The Behemoth, part 2

So now that you have thought about WHAT you are going to store (and honestly, I store all three categories), let’s talk about HOW you should store them. Identification and Time are the two most important things to thinks about. Provided that you have a handy dandy list somewhere that tells you what is in your freezer, timing shouldn’t be an issue. Timing for freezer food is all about using stuff up before it goes bad (say about 6 months on average), and it usually happens (around here, anyway) when I forget what I have and it gets buried at the bottom of my chest freezer. If you have a list and keep it absolutely up to date, you will know to keep digging for that Asian Pork Loin you KNOW is down there. We mostly covered identification in the same post: labeling. But there is more to it. What should be on the label? Well, first off, the name of the recipe. *grins* Lasagna, enchiladas . . . they’re both a pan of red stuff after freezing. If it’s a new recipe, be very specific. I have a bag in the freezer labeled “Easy Pork Chops”. I have no idea what is in the marinade, or how it was intended to be cooked, because there are about a gazillion “Easy Pork Chop” recipes on Zaar. I should have written down the recipe #. Also make sure the date is on there somewhere, whether it is the date you cooked and froze it, or the “use by” date, or both. Because I know we rotate fairly quickly, I can get away with just writing down which month it was put in the freezer. If I find something 4 months old, I generally cook it right away, and wonder where it was hiding . . . 🙂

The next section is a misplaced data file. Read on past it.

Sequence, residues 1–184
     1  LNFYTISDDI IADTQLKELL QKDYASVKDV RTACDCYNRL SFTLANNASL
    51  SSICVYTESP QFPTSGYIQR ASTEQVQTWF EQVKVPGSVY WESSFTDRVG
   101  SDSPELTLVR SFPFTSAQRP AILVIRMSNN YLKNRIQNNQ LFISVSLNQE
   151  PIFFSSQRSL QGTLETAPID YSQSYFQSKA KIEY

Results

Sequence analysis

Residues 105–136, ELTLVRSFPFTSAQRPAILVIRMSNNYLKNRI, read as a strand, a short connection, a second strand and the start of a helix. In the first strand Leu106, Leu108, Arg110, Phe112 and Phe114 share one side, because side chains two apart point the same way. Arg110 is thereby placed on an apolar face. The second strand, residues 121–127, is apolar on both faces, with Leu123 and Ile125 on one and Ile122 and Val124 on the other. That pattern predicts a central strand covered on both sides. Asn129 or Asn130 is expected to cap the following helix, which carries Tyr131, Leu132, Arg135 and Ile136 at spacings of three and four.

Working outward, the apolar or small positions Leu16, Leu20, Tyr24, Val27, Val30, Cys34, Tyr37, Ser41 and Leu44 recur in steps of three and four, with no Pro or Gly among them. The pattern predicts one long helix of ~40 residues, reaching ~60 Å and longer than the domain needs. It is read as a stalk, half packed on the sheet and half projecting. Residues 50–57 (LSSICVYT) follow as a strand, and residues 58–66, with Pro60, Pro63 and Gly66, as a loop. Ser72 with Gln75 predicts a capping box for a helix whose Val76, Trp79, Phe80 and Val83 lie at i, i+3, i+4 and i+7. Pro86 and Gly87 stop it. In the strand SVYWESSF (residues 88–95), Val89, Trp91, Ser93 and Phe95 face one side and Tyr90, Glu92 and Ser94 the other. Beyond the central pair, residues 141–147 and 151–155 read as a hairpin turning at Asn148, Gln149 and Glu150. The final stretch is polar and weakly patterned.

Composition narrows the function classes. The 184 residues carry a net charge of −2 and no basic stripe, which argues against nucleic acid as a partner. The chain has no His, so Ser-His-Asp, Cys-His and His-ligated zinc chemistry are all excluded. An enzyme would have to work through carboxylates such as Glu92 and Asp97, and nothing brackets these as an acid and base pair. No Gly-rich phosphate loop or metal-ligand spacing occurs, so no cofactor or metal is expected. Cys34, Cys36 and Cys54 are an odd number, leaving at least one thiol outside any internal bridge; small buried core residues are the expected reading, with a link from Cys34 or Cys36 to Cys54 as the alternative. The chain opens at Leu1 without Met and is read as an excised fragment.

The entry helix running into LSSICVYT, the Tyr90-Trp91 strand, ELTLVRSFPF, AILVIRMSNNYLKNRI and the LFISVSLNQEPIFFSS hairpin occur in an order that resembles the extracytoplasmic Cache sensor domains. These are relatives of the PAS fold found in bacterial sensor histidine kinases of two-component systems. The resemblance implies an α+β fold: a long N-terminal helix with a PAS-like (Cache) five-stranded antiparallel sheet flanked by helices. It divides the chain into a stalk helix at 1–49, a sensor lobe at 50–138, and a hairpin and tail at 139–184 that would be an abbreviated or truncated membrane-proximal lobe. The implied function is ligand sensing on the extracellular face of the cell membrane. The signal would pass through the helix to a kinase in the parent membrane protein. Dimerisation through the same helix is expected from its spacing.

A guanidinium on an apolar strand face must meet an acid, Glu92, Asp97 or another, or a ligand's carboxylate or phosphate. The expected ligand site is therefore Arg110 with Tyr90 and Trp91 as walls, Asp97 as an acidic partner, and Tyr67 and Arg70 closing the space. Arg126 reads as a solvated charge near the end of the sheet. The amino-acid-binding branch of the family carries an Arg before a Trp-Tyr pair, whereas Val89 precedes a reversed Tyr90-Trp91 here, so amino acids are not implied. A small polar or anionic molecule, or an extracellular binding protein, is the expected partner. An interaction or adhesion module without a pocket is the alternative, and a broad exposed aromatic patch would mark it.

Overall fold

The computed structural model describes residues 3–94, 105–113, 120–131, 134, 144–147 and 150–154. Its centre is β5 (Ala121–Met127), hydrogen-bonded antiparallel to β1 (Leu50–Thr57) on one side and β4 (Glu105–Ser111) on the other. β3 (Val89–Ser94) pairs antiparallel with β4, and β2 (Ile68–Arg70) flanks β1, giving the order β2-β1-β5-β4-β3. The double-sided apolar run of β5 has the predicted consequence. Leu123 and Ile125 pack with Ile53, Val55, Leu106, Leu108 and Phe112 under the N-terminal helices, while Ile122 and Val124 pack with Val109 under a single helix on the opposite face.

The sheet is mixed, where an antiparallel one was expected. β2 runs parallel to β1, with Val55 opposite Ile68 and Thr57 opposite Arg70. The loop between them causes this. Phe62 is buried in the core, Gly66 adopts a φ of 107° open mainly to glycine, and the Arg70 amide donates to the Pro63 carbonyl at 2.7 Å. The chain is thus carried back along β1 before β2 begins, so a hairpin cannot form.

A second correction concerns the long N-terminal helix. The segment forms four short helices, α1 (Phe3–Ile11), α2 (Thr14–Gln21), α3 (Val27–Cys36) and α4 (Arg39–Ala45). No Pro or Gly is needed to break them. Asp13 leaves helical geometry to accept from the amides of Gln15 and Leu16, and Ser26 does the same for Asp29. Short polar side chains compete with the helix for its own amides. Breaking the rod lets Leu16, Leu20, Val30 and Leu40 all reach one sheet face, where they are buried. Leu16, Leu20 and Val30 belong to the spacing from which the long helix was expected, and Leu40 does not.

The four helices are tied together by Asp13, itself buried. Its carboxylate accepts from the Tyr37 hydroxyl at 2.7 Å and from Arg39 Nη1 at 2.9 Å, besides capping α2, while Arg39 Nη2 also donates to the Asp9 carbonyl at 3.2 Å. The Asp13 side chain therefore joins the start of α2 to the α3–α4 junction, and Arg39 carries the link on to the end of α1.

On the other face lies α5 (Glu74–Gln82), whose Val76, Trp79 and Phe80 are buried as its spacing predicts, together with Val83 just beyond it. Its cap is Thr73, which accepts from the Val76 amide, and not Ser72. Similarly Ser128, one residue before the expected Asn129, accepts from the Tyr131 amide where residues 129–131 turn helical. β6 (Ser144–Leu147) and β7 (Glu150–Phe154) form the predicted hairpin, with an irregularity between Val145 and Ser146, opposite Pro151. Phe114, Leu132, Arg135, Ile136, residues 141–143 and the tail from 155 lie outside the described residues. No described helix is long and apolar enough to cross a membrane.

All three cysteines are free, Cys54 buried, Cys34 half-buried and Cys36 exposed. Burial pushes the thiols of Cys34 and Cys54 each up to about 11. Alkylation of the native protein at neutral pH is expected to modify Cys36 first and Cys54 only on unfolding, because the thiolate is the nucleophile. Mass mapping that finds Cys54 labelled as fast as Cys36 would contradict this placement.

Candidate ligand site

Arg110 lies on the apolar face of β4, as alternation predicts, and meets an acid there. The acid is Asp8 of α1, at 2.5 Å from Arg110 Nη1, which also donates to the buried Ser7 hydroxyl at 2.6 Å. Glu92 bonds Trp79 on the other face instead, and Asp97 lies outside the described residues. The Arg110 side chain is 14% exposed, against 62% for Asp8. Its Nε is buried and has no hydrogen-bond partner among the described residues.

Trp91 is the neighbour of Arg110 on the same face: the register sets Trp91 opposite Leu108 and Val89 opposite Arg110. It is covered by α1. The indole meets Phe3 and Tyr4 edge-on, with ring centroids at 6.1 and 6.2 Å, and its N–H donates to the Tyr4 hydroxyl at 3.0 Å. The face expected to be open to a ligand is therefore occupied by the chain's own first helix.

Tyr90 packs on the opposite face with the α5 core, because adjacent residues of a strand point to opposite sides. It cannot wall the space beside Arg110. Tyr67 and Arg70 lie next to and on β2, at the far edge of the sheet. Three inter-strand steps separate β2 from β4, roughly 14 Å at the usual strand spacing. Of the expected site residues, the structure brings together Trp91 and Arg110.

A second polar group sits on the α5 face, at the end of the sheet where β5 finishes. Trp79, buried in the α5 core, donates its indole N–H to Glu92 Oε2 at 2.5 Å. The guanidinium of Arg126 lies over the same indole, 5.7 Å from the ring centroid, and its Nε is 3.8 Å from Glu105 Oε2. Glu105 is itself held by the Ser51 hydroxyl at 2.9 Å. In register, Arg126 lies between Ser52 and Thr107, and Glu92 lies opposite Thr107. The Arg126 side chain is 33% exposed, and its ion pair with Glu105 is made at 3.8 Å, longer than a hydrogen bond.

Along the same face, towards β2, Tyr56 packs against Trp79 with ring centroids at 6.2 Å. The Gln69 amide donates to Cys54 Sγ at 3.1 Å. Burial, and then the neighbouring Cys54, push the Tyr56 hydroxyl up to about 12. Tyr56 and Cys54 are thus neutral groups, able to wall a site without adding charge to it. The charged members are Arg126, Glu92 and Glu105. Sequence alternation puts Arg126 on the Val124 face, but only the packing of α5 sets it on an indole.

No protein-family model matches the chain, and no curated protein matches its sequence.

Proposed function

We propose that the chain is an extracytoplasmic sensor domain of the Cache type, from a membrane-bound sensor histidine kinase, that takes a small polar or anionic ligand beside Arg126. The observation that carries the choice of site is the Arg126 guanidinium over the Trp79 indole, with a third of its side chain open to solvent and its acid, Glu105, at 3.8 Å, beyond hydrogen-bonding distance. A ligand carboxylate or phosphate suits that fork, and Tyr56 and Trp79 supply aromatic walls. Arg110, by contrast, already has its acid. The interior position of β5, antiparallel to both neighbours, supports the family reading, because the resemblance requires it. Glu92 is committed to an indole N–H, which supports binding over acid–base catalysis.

How you prep food for freezing can be a great help when organizing. My favorite method is to place most foods in freezer bags (labeled beforehand), zip them almost shut and then et out any extra air, and seal. Then I squish the food around, gently, until the bag is as flat as I can get it. The most space efficient shape is a square or rectangle, so I like using flat(ish) rectangular bags. This allows me to treat them as files in my freezer: stand them up on end, with their label facing the front, and then flip through when I need to find something.

Sometimes for large casseroles (like enchiladas, or lasagnas) which need to be assembled in a certain way I freeze one of two ways. I have a couple of aluminum disposable pans with lids that can go straight from the freezer to the oven, and I love building in these, and then freezing. Or (if you only have one or two 9x13inch pans) I have also lined one of my regular pans with foil, built the casserole, and frozen. Once it is frozen, you can pop it out of the pan. *grins* For these sorts of things, I usually label with masking tape labels. If you do not think you will be eating these in the next months or two, they should really be wrapped in plastic to prevent freezer burn.

Next week: WHERE are you going to store stuff in your freezer?

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